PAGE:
A possible explanation for that is the invention of the three-point seatbelt. The inventor, Nils Bohlin, was a Swedish Volvo engineer and in 1959, it was introduced to all Volvo cars. He gave away the patent for free, believing that every driver and passenger should have one in order to save lives.
Volvo is actually a Latin name, which roughly translates to “I’m rolling” – a fact many Swedes will proudly declare at the drop of a hat. Volvo is still highly regarded as one of the safest car brands, but not the safest. The Toyota RAV4 13-18 takes the number one spot, although two Volvo models take spots two and three.
Ironically, one of the cheapest places to buy furniture comes from one of the world’s most expensive countries! Sweden is famous for its simplistic and practical attitude towards furniture, and nowhere else is this personified as well as IKEA.
Ingvar Kamprad founded Ikea in 1943. The name simply comes from his initials IK, and his address, Emtaryd, Agunnaryd. Sometimes, IKEA becomes a bit of joke. In 1985, IKEA in Philadelphia ran out of small vases. Why? Americans used them as drinking glasses, believing the Swedish tumblers to be too small.
IKEA actually started out selling stationery in Småland, Sweden. When it moved to selling furniture, Ingvar realized it was too difficult for his customers to transport it from the store to their homes. Thus, flatpack was born. It started with a bedside table that’s still available: Lövbacken.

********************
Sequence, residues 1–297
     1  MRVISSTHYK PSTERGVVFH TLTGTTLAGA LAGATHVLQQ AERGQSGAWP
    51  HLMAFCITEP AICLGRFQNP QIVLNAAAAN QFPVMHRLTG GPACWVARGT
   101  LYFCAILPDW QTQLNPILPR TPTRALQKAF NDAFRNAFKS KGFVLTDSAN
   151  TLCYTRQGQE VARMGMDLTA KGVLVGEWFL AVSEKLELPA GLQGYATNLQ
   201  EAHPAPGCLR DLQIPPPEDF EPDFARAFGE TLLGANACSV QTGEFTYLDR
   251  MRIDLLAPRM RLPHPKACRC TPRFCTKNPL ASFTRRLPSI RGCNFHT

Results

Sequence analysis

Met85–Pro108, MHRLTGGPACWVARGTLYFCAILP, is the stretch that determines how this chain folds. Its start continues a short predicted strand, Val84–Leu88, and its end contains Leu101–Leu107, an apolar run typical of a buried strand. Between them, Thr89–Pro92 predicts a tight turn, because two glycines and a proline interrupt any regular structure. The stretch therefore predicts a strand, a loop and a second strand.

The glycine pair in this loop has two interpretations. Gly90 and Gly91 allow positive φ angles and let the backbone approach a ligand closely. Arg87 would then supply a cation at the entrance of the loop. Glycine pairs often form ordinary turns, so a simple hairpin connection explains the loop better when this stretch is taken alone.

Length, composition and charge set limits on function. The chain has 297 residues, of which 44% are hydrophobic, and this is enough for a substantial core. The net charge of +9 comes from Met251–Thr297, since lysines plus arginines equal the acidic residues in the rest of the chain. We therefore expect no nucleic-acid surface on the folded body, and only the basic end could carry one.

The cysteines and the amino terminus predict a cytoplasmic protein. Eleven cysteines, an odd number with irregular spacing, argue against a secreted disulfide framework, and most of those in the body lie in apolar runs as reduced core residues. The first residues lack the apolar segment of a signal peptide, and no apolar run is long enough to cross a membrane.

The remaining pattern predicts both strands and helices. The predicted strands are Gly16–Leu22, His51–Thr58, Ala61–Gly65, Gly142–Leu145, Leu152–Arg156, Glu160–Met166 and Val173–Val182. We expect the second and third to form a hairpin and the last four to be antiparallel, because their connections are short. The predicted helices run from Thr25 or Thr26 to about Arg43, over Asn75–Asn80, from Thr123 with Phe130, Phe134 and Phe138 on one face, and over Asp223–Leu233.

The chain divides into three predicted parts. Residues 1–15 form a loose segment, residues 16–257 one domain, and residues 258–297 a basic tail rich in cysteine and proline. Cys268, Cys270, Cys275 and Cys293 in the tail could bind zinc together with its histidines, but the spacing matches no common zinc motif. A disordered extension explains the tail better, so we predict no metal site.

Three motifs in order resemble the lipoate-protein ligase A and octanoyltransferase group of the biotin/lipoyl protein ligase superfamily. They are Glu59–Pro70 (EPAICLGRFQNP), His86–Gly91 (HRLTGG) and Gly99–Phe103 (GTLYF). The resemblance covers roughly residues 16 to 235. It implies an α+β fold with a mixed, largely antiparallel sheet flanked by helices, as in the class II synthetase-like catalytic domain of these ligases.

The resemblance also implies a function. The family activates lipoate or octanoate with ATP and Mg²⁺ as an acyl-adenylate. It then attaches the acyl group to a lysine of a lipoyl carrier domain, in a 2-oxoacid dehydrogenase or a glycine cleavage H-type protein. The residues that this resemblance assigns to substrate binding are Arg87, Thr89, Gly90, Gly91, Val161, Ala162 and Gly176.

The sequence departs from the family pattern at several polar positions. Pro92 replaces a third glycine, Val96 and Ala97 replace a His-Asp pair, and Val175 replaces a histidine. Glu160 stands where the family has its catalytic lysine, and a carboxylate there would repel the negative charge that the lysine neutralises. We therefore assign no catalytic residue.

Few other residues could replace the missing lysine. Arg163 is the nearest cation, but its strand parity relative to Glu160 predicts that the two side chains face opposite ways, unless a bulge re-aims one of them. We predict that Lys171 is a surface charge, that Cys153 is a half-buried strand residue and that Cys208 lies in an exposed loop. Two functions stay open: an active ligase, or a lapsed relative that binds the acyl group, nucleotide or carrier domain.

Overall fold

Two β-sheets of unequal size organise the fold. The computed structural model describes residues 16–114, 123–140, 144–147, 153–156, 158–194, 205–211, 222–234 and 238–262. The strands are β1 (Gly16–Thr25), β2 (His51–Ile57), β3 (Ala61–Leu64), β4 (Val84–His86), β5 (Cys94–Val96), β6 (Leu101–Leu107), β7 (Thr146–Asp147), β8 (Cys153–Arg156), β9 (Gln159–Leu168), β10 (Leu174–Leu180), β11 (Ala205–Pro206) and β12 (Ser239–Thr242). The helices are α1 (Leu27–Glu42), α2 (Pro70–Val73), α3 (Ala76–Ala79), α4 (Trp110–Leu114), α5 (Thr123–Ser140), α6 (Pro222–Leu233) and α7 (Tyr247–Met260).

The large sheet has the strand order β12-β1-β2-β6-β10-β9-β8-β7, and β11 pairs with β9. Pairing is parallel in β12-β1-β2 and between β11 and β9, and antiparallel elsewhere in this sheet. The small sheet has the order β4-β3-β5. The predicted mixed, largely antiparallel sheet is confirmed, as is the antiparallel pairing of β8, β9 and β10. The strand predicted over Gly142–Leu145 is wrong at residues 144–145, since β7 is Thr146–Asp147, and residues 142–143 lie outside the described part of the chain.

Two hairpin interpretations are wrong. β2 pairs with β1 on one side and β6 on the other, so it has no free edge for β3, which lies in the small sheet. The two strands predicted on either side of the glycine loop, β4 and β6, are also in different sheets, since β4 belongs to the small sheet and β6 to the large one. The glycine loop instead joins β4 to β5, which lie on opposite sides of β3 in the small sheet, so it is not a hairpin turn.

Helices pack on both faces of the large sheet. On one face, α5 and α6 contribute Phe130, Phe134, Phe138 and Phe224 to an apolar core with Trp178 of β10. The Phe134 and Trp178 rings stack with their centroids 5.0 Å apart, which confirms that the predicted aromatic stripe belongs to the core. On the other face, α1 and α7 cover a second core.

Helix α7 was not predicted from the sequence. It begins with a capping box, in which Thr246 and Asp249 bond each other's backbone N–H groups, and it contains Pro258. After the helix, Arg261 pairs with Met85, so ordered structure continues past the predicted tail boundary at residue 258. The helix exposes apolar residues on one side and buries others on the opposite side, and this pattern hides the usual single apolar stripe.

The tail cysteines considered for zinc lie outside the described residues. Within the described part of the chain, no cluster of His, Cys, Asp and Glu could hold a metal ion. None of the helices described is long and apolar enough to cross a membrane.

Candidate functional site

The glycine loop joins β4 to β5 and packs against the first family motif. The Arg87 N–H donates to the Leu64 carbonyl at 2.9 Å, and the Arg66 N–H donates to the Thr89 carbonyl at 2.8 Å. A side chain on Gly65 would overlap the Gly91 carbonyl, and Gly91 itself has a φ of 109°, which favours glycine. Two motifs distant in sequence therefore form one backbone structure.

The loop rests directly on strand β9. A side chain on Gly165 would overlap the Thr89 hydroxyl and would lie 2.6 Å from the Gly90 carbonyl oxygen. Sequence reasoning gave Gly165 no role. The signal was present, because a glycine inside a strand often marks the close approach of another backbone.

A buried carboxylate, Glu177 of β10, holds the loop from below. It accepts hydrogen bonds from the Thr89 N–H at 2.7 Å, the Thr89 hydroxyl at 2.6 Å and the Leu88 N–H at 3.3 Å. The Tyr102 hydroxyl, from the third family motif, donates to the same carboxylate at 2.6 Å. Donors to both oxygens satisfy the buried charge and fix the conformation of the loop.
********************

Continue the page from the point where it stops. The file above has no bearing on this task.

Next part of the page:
Yes, Ikea has saved many a student from going broke when decorating their college accommodation. But Swedish design and style extends well beyond just furniture. Sweden is famous for its clothing and accessory brands too!
Travelers these days all seem to have Kånken backpacks, which were actually designed to improve back posture for Swedish school kids. Who can blame them, you can pack your whole life in one (at least, I’ve tried to).
H&M is probably the most famous Swedish clothing brand to have gone global, but did you know that it stands for Hennes & Mauritz? Trivia bonus: H&M started as a women’s clothing store (Hennes means “hers” in Swedish).
26. Goats, Donald Duck & Ham
What do goats, Donald Duck and ham have in common? It’s not the beginning of a joke; these are all signs it’s Christmas time in Sweden! There are a lot of Christmas traditions around the world, but Sweden is famous for their own, sometimes bizarre, variations.
The Swedish Christmas hay goat is a leftover Pagan symbol of Christmas in Sweden. Thor had two goats, Tanngnjòstr and Tanngrisnir, and it’s believed that the hay goat tradition in Sweden stems from them. In Gävle, every year a 13 meter tall hay goat is put in the town square.
Swedish kids open presents on Christmas Eve, usually after the annual showing of the Disney compilation called Donald Duck and Friends at 3 o’clock. The tradition began in 1960, and it’s been added to and edited over the years – often resulting in public outcry. Swedes typically have a Christmas smörgåsbord meal where the centerpiece is the Christmas ham – typically baked in the oven with mustard, breadcrumbs and cloves. Oh, and schnapps. Again.